Borderlands is a weekly rundown of developments in the world of United States-Mexico cross-border trucking and trade. This week: Mission Produce to open vast avocado distribution center in Laredo; RCR Rail Co. marks groundbreaking for new Taylor Logistics Park; Daimler Trucks Mexico appoints first female plant manager in Saltillo; CBP seizes 577 of pounds marijuana from shipment of plastic scrap.
Mission Produce to open vast avocado distribution center in Laredo, Texas
Mission Produce will build a 262,000-square-foot distribution center in Laredo, Texas, filling a need for a major production hub for avocado imports from Mexico, according to Steve Barnard, president and chief executive officer of Mission Produce.
Construction of the state-of-the-art, $48 million facility could be completed by mid-2021 and will initially create 75 jobs.
“The Laredo facility will shorten our replenishment time to our network and add flexibility in managing inventory,” Barnard said.
Mission Produce’s new cold storage, manufacturing and distribution center will be in Laredo’s Pinnacle Industry Center on North Mines Road.
The facility will also improve Mission Produce’s ability to provide third-party services to other businesses in the produce industry, company officials said.
Cold storage is one of the target industries for Port Laredo, through which close to $4 billion in produce — including about $1 billion in avocados alone — passed in 2019, Laredo Mayor Pete Saenz said in a release.
“Mission Produce’s decision to invest in Laredo speaks volumes for Laredo’s international trade and logistics industry, which has made the city the number one port in the country,” Saenz said.
Oxnard, California-based Mission Produce is a 35-year-old company and one of the largest global suppliers of avocados.
Mission Produce’s avocados bound for Laredo will mostly come from the Mexican state of Michoacán, where it has farms producing 4.8 billion pounds of avocados annually, according to the company’s website.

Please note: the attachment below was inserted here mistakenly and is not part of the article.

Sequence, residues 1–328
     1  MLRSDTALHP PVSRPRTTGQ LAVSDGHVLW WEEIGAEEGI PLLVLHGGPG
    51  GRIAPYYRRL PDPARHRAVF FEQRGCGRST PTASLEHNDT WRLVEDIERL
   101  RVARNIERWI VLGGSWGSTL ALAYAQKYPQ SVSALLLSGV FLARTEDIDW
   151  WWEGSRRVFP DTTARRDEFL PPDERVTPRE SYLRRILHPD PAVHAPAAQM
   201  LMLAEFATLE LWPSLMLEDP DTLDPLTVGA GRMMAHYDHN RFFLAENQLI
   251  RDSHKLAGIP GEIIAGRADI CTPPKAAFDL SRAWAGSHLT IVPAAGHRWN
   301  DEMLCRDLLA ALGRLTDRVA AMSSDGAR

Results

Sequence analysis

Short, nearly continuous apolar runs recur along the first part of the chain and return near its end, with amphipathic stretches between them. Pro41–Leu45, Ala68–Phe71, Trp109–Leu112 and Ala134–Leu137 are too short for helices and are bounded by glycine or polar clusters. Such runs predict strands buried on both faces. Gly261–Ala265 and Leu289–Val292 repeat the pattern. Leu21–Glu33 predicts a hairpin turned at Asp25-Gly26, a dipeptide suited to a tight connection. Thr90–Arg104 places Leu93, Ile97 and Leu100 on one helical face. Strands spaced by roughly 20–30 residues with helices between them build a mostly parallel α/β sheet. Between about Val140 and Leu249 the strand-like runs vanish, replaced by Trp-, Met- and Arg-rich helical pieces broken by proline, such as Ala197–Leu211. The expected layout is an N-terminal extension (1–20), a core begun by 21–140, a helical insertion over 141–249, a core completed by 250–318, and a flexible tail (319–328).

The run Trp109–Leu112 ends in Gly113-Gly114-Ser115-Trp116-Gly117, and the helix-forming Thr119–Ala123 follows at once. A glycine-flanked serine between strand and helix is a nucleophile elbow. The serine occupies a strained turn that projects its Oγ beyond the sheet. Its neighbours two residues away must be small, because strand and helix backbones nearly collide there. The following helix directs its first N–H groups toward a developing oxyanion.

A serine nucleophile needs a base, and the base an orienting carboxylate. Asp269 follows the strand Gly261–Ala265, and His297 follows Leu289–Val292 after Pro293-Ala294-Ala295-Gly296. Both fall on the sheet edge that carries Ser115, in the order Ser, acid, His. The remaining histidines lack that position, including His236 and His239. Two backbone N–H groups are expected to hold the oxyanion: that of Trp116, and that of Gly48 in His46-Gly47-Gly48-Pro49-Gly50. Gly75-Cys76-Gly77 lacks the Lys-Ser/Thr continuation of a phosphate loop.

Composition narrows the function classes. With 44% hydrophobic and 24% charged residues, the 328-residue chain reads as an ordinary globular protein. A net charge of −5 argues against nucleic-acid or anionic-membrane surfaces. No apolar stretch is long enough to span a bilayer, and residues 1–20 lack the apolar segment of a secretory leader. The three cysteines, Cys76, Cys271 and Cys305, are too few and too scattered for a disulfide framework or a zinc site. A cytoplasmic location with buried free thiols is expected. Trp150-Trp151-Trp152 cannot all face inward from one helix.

However, the company sources avocados from all over the world, said Denise Junquiero, director of marketing at Mission Produce.
“We work directly with top growers and are vertically integrated in premier growing regions,” Junquiero said. “We source from California, Mexico, Peru, Colombia, Chile, New Zealand and the Dominican Republic with full in-country support and representation to make sure all of our quality and food safety standards are met to provide year-round supply.”
Along with the U.S. market, Mission also exports avocados from its Mexico facilities to Japan, Europe, China, Korea, Hong Kong, Malaysia and Singapore.
Junquiero said the company plans to support “our new Laredo facility with our own fleet of trucks, as well as trucks from our trusted carrier partners.”
“Mission has trucks that cross every day to all nine of our current freight distribution centers in North America. Laredo will become our 10th facility scaled to provide flexibility and faster service to our customers’ changing needs,” Junquiero said.
RCR Rail Co. marks groundbreaking for new Taylor Logistics Park
RCR Rail Co. is set to build a 750-acre rail park in central Texas, around 40 miles northwest of Austin.